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Angkor Hospital for Children Faculty Development Course Organizing & Presenting a Successful Lecture

Angkor Hospital for Children Faculty Development Course

Organizing & Presenting a Successful Lecture

Why do we give lectures when:

Multiple studies show adults do not learn as much from lectures as we do from other teaching methods (discussions, case studies, chart reviews, hands on, etc.)

At best, we remember about 20% of what is presented because

They’re easy to create (or at least we believe them to be)

They’re portable

We can keep them on file and use them at short notice over and over again

Five Guidelines for Good Presentations

Focus on your objectives (or keep your goal in mind)

People will generally remember no more than 5 key points

Don’t leave it up to the audience to guess what the important points are

When organizing your presentation, start with the summary slide, the “take home” message. This allows you to organize/prioritize your lecture points.

A good educator makes knowledge easy to understand – don’t do a “knowledge-dump”

KISS – “Keep It Simple Stupid”

• KISS – “Keep It Simple Stupid” Rehearse • Giving an effective lecture takes practice

Rehearse

Giving an effective lecture takes practice

Lecture Outline

Introduction/ objectives

5 key points

Summary of key points

1-hour lectures prepared in 1 hour probably won’t go well!

Practice the timing of entire lecture and of each slide

o

Your presentation should fill ~75% of allotted time

o

Each slide should be shown for at least 10 seconds and generally for 2-3 minutes

Review your material well so that you don’t need to read from notes or slides – face your audience

Stage fright is a negative term for excitement – use that energy!

Nothing helps a presentation more than communicating passion and confidence

Make your slides clear, not distracting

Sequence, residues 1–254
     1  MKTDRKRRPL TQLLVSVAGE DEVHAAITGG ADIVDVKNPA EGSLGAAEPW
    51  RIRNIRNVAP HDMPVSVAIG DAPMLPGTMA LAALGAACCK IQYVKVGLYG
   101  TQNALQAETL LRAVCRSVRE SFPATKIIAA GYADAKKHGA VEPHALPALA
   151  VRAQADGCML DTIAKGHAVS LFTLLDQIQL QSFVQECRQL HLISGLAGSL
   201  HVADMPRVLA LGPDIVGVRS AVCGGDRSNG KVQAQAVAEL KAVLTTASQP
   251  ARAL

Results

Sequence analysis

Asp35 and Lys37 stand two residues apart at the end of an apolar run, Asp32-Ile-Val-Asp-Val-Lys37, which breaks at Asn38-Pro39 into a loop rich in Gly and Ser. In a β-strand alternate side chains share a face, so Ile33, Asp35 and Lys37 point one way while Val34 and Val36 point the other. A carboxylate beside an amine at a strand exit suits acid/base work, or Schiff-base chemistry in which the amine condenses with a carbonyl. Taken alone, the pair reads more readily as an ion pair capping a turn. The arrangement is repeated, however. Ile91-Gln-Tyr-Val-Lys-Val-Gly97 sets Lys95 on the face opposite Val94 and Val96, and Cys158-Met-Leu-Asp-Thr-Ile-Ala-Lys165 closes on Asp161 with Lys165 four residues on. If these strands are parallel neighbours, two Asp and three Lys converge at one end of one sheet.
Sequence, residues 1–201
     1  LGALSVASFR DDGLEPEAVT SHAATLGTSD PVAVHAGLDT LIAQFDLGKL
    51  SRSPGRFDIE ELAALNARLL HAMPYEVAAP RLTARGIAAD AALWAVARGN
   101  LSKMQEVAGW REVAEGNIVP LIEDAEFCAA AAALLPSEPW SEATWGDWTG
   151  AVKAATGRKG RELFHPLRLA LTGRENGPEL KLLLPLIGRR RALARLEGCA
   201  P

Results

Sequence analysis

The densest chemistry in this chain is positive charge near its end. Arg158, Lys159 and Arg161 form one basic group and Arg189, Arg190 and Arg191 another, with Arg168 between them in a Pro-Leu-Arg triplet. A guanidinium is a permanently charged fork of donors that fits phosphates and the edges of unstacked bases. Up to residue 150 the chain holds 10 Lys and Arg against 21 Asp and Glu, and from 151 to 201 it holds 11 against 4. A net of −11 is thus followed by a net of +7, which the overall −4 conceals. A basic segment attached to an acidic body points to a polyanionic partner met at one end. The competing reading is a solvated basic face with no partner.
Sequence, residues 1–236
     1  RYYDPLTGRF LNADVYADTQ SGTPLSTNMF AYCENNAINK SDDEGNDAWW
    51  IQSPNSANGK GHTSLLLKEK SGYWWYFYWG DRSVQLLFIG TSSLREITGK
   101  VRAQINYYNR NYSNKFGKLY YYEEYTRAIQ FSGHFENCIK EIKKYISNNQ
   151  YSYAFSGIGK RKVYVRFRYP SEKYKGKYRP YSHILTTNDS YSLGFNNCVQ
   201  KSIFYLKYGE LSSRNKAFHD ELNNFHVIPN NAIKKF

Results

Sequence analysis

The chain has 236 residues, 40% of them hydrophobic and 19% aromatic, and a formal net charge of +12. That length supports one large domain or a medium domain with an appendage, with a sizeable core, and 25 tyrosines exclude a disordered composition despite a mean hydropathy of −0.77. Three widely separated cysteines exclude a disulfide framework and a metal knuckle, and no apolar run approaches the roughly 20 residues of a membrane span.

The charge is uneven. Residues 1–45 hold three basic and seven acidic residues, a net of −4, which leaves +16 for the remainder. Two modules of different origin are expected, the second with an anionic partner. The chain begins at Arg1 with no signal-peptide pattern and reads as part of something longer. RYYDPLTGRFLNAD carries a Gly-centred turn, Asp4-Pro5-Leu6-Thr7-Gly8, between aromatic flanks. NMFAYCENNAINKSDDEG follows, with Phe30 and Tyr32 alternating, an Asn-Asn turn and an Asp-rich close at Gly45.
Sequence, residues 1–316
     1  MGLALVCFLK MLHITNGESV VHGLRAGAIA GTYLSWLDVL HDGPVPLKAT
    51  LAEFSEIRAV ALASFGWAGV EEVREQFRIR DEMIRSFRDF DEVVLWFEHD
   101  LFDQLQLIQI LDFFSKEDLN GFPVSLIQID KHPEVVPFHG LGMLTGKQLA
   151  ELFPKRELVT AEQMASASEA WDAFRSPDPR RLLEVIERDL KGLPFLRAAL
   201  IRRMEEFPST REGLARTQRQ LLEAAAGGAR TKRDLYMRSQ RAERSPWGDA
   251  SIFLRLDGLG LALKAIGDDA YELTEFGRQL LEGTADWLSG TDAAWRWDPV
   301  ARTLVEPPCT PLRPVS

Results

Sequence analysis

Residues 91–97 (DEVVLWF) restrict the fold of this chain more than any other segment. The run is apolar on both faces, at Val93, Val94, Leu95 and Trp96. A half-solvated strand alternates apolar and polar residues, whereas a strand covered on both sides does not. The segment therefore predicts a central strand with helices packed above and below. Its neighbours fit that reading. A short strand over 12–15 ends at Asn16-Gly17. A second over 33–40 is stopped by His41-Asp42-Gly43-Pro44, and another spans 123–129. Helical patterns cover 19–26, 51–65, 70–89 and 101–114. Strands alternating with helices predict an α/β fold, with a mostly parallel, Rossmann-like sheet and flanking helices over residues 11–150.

Take time to orient the audience to a picture

Use other aids, not just PowerPoint – white board, object, demonstration, sound clips…

What makes a lecture good isn’t the visual aids, but the presenter’s ability to communicate with the audience. Even with great visual aids, a poor lecturer will fail. Spend time on the content, not the pictures.

Incorporate interaction in your presentation

While lectures are a less effective method of teaching, they can be improved by including interaction. Include as much of the audience as possible.

Tell me and I forget. Show me and I remember. Involve me, and I understand.

Angkor Hospital for Children Faculty Development Course Organizing & Presenting a Successful Lecture

Angkor Hospital for Children Faculty Development Course

Organizing & Presenting a Successful Lecture

Examples: Questions, brainstorming, small group activity, demonstrations, role-playing, problem- solving, testing

Be entertaining

Motivate and gain your audience’s attention

No tapping, swaying, playing with keys, biting fingernails, wandering pointer…

Assignment

Prepare a 10-minute mini-lecture on your topic using the principles we discussed today

Next week, we will divide into two groups and you will present your mini-lecture

We will videotape your lecture

The following week, we will meet with you, view your lecture together, and discuss ways you can improve your lecture

Collins. “Giving a PowerPoint Presentation: The Art of Communicating Effectively.” RadioGraphics 24, 2004. pp1185–1192.

Angkor Hospital for Children Faculty Development Course 10-Minute Mini-Lecture Presentations